14 Peggy Well Known Buffalo DG croppedPeggy Wellknown Buffalo is recognized by her community on the Crow Indian Reservation (Apsaalooke Nation) in southeastern Montana as “the woman who wipes children’s tears.” In 1999, she started The Center Pole, an organization that gives Native American youth the tools they need to succeed in the modern world while retaining the values and traditions of their own rich culture. “Just as the center pole of the sun dance lodge is the place where prayers are answered,” Peggy explains, “The Center Pole is a place for Native American children to find help, hope, guidance, and new possibilities.”Peggy was born in 1950 in Crow Agency, Montana, and lived in a two-bedroom house on the reservation with her parents and eight siblings. She was nine when her father died. Because Peggy’s mother could no longer afford to feed all her children, Peggy and four of her siblings had to be sent to boarding schools run by the U.S. government.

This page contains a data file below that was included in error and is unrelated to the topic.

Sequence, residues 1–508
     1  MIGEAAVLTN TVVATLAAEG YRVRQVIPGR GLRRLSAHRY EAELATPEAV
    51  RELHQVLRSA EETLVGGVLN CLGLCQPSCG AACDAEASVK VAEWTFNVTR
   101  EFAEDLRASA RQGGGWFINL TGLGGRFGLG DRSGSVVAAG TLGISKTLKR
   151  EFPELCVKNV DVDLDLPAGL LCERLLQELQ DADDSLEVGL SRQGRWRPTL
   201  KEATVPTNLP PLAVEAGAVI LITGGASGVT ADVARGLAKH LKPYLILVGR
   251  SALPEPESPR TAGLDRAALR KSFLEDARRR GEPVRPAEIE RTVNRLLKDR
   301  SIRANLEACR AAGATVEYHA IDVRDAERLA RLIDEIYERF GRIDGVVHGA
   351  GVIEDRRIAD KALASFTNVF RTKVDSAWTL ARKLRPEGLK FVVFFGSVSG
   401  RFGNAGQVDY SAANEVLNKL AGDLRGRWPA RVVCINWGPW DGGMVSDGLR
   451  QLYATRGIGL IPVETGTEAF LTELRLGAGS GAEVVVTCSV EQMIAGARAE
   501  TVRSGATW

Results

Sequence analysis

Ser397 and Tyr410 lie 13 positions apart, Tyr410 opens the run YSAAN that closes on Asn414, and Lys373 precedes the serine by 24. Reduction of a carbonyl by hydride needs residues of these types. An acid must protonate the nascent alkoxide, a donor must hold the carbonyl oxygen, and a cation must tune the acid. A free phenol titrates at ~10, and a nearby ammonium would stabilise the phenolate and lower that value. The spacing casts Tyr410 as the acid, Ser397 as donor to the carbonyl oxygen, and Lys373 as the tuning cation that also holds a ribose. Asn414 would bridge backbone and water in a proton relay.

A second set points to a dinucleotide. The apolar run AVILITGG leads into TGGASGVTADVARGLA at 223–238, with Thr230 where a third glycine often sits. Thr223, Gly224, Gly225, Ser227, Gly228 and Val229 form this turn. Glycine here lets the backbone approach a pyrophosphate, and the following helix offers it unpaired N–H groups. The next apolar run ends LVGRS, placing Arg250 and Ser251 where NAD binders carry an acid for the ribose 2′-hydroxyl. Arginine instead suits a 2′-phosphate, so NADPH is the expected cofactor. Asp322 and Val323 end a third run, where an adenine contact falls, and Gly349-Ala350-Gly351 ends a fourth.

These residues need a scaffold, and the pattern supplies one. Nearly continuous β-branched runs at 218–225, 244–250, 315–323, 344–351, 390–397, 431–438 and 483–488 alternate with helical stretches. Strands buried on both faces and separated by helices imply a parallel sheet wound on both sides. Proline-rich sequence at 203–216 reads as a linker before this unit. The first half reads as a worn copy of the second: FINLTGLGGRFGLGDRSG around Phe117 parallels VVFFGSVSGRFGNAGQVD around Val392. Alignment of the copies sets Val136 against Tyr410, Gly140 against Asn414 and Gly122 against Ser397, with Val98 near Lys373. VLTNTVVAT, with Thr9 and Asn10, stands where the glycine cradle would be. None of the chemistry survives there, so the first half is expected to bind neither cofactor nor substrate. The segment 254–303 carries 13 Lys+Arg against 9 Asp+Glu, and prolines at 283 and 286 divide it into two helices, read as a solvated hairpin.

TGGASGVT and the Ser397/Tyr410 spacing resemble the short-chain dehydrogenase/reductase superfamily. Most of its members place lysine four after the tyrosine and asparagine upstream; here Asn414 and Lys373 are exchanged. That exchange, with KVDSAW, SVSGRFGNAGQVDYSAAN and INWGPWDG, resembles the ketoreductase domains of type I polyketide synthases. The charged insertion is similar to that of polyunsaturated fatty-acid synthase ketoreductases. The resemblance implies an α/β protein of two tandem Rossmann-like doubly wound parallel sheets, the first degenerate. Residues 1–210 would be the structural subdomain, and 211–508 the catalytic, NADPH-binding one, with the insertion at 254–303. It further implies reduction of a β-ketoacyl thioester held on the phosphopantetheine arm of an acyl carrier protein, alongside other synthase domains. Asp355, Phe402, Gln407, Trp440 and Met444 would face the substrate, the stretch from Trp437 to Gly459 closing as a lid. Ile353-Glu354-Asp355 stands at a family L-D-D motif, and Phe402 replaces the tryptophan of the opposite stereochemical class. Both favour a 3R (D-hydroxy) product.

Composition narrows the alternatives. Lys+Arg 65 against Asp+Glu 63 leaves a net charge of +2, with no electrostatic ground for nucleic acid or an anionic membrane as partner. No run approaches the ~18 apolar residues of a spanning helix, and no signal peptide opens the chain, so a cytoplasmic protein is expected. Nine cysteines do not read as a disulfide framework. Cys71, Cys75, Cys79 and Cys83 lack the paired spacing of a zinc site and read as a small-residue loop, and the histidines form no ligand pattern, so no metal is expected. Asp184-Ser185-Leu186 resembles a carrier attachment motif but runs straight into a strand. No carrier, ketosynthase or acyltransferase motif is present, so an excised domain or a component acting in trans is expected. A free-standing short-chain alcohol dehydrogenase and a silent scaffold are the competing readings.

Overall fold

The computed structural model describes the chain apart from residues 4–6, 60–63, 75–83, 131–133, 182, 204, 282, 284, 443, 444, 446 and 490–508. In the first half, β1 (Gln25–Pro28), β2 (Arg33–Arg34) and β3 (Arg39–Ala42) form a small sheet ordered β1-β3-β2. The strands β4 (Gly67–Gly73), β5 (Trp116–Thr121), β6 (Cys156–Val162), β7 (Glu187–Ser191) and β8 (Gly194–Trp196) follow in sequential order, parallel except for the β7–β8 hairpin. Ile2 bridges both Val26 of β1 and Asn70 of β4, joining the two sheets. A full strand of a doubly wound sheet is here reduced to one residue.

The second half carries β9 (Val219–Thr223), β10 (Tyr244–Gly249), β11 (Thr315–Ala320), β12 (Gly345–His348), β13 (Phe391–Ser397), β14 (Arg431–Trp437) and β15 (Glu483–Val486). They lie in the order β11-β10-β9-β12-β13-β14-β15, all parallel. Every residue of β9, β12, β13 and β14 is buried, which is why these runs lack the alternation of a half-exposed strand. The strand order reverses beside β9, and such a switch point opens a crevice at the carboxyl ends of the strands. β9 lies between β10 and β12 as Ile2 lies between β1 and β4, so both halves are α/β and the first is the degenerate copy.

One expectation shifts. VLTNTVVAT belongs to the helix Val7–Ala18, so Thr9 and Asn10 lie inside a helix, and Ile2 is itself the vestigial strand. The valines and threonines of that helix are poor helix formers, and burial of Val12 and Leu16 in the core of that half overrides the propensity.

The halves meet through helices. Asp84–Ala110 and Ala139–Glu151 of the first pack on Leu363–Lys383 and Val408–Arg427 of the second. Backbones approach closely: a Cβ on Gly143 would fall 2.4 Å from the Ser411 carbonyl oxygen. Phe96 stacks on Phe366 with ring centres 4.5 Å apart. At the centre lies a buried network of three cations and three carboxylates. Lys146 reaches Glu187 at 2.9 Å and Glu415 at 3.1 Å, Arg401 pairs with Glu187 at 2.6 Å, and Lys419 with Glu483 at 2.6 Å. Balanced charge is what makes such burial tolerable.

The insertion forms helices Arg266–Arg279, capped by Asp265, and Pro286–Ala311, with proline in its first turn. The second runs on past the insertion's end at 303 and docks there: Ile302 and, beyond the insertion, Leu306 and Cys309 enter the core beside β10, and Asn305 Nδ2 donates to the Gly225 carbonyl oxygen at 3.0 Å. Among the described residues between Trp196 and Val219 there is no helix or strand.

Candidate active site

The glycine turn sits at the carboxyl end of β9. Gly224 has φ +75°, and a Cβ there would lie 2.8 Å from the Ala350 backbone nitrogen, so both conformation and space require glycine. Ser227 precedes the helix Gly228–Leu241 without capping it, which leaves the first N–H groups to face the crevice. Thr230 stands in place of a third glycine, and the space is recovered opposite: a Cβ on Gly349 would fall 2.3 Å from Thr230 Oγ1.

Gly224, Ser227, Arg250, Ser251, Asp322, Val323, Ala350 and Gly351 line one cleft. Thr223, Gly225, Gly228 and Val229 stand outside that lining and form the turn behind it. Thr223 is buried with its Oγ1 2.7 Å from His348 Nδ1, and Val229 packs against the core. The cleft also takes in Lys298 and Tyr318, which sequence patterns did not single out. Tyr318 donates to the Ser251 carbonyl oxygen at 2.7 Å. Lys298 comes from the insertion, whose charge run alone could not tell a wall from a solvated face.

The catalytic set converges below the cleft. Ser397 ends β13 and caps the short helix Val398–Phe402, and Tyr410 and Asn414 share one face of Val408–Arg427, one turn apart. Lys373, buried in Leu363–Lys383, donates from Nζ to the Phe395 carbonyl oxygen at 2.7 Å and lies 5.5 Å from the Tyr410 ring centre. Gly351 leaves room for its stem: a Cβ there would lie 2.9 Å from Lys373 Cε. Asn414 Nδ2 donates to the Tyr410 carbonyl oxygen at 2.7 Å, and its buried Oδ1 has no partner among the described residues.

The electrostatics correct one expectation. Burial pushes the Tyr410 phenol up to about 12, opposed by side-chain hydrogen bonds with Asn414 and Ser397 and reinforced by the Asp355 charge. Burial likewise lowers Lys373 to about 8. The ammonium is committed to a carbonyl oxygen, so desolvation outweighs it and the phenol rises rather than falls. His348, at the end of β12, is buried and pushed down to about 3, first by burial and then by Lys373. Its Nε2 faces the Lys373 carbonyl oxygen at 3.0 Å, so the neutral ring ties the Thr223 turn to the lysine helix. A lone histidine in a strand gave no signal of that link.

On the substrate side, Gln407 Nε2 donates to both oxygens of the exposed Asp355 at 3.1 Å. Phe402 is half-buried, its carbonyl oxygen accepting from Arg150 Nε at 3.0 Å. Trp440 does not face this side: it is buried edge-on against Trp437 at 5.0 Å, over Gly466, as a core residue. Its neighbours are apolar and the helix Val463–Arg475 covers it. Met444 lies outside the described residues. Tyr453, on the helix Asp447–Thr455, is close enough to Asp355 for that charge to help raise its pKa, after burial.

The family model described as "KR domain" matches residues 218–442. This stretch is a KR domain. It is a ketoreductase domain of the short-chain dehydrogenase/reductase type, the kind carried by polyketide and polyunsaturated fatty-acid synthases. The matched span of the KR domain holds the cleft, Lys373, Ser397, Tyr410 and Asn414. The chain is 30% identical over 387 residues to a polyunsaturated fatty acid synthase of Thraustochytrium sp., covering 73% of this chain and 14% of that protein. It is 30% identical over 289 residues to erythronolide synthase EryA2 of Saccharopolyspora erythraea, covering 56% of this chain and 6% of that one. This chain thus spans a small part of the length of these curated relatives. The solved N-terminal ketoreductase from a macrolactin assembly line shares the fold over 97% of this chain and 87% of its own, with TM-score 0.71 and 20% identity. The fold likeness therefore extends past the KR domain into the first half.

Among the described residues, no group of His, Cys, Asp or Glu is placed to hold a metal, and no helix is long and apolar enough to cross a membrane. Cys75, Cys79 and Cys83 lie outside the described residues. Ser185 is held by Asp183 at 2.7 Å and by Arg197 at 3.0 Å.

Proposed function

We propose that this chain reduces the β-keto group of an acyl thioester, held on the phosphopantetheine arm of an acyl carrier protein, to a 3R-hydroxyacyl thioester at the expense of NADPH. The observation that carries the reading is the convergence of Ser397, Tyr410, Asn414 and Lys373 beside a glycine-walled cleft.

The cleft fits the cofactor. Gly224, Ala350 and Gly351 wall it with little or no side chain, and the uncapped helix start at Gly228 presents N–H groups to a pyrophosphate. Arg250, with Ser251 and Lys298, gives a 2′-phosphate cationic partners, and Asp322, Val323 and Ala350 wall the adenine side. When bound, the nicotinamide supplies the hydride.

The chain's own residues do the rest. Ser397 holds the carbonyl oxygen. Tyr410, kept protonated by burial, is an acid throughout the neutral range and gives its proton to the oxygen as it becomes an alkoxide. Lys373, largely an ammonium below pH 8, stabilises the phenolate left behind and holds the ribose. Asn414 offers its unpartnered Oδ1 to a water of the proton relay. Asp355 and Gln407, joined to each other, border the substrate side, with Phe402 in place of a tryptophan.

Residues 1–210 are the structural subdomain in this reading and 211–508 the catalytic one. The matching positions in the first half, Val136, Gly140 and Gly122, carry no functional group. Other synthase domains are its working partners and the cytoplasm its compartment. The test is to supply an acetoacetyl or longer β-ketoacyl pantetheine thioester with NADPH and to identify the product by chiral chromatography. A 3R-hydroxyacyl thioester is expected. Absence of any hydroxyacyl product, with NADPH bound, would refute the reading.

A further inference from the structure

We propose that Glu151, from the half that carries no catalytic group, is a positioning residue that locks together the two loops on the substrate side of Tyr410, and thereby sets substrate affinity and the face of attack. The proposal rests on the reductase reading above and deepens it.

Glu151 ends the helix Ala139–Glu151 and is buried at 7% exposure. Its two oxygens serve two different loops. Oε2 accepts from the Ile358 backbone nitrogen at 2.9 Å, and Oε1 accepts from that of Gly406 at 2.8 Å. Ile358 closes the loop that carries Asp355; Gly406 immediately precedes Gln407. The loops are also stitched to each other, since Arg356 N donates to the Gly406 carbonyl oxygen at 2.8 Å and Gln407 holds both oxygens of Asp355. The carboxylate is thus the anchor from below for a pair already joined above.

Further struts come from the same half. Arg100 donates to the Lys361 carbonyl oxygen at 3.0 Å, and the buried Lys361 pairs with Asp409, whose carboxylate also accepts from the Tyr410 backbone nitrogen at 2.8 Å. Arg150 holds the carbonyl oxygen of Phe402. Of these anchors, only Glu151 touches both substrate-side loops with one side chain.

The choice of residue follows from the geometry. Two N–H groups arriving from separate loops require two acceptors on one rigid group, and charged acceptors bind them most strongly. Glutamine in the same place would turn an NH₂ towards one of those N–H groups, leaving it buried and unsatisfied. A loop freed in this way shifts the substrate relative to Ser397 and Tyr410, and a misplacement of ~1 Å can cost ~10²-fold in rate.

The years spent there wounded Peggy deeply. “At school, we were not allowed to speak our native language or talk about home, our heritage, or our spiritual practices,” she recalls. “If we did, we were beaten with a wooden paddle. No one there believed Native students would ever amount to anything. I remember thinking this just wasn’t right to have no love, under- standing, or freedom of choice.”
Peggy found solace in the work she was assigned when she was just 12, holding and nurturing babies at the Pierre Indian School in South Dakota. “I discovered my gifts working with children during my boarding school days,” she says. She also remembers guidance she got from elders along her path. “When I was 18, a medicine woman encouraged me to dance and pray with her in the sun dance. My mother had just died. That is where I had my first vision to do what I am doing now.”
After graduating from Southwestern Indian Polytechnic Institute in Albuquerque, Peggy worked in Alaska for two years making eye-glasses. She then returned home to the Crow Reservation as a community health representative, determined to create a more hopeful future for the next generation of her people.